The next day we visited the famous Iguazu Falls. It's the largest system of waterfalls in the world and it is located on the border between Brazil and Argentina on the Parana river, so visitors are welcome to see it from both sides. We, however, decided to choose one of them and since we heard that Argentinean side is more impressive, we went for it. The whole territory is big enough to have a few thousands of people exploring the falls and the forest tracks at once. And it's full of contrasts - for a moment you're squeezing into a train carriage together with a crowd of people and fight for a place to see the famous Devil's Throat waterfall, while suddenly you're alone on a cozy forest track listening to a dozen of different birds singing... And there are these cute furry friends, called Coati, sneaking around searching for snacks... So here's the already-traditional mix of short videos to share our impressions of the day at Iguazu Falls with a funny sound-track which is called Cataratas do Iguaçu by João Triska :)
The next location in Argentina was Buenos Aires - the impressive huge city with a very rich history. We were lucky to get in touch with community of Lithuanians in Argentina, so we were welcomed by locals who speak our language and it made a whole experience a bit mind-blowing. We visited the community of Lithuanians in Berisso (a town about 70 km from Buenos Aires) and got a chance to meet Argentinean youth of Lithuanian descent, practicing Lithuanian traditional folk dances. It was incredible! They also speak Lithuanian and wear tattoos with Lithuanian symbolics and phrases. See it for yourself here:
We stayed with a lady from the community - Daina and her boyfriend Mariano. She speaks Lithuanian - it was a very pleasant thing for us! And we were even invited to celebrate Petu's birthday dressed as hippies :) Petu is Daina's neighbour and friend.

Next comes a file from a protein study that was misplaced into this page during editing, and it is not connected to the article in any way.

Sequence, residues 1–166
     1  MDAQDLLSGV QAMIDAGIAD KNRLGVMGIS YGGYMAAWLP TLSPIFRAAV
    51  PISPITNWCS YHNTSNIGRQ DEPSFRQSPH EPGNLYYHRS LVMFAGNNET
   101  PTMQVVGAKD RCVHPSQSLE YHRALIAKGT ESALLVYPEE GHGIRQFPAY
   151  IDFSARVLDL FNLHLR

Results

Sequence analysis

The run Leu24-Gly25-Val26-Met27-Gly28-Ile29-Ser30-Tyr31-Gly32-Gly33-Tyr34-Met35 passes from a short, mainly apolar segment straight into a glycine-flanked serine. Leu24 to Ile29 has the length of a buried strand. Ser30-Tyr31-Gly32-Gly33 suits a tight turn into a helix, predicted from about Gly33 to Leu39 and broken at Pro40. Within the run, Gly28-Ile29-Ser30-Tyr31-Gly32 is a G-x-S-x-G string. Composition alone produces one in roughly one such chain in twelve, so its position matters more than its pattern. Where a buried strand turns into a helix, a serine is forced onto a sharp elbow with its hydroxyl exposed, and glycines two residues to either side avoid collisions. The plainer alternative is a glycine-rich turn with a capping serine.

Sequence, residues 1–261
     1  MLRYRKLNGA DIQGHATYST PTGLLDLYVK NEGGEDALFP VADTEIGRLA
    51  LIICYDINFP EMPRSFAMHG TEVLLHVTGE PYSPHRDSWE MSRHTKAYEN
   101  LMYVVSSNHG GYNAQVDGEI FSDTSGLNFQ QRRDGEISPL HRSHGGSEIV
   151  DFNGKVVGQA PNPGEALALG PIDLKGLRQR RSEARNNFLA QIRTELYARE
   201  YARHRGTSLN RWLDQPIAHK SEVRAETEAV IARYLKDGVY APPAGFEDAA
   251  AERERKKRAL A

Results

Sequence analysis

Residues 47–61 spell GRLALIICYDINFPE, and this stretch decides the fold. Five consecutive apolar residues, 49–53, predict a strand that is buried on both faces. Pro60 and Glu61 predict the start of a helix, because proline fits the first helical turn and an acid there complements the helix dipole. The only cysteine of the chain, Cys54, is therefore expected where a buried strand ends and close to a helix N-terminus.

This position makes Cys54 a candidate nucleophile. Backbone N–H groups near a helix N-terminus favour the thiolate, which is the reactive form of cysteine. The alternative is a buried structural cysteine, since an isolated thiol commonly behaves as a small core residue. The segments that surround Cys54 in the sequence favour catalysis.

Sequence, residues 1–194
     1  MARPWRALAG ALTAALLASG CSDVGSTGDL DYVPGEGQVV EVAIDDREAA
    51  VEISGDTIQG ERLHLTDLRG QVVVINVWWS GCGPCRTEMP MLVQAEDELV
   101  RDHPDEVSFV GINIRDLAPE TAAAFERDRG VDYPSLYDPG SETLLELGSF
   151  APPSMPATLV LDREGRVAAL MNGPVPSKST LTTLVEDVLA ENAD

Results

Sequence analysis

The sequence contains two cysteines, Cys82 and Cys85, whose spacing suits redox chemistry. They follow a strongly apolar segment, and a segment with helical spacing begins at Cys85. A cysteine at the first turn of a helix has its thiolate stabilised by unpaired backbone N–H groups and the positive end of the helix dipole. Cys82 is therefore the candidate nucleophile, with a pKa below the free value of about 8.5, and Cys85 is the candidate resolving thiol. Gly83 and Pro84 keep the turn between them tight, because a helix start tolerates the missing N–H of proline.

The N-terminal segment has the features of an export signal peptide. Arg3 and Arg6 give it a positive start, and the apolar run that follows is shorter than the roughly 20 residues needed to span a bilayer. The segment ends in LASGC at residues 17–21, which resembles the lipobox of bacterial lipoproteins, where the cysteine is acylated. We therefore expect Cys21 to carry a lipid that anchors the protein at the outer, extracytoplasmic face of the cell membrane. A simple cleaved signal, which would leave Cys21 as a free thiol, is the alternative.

I even managed to arrange a meeting with my very far relative, aunt Maria Irene! Oh, and we took a selfie by the Christmas tree under the fascinating paintings in a historical building which is now a fancy shopping center. By the way, while being here, we get surprised every time we see a Christmas tree :) It is very easy to forget that "Santa Claus is coming to town" when there's burning sun and 30 degrees outside....
So the whole experience, including the excursions around the most impressive districts of Buenos Aires, was unforgettable, and after a few days here, we got on the bus again to get from the East of Argentina, to the West - a city called Mendoza.
After a very busy schedule during the last two weeks (as you may know, travelling, exploring and partying takes a lot of energy... ), we decided to take it slow in Mendoza. Especially, knowing that we will come back to this beautiful town again on our motorcycles on the way North in a couple of months. So, we went walking in the center, we hiked up the hill of Gloria (Cerro de la Gloria) and went to the thermal hot springs spa in the mountains for some relaxation... except that it had nothing to do with relaxation there... There were more kids in those pools then adults and apparently Argentinian kids are VERY energetic and loud. :)
Finally on November 25th we left Mendoza on hopefully our last bus ride to Valparaiso in Chile, where we will finally pick up our bikes and get rolling!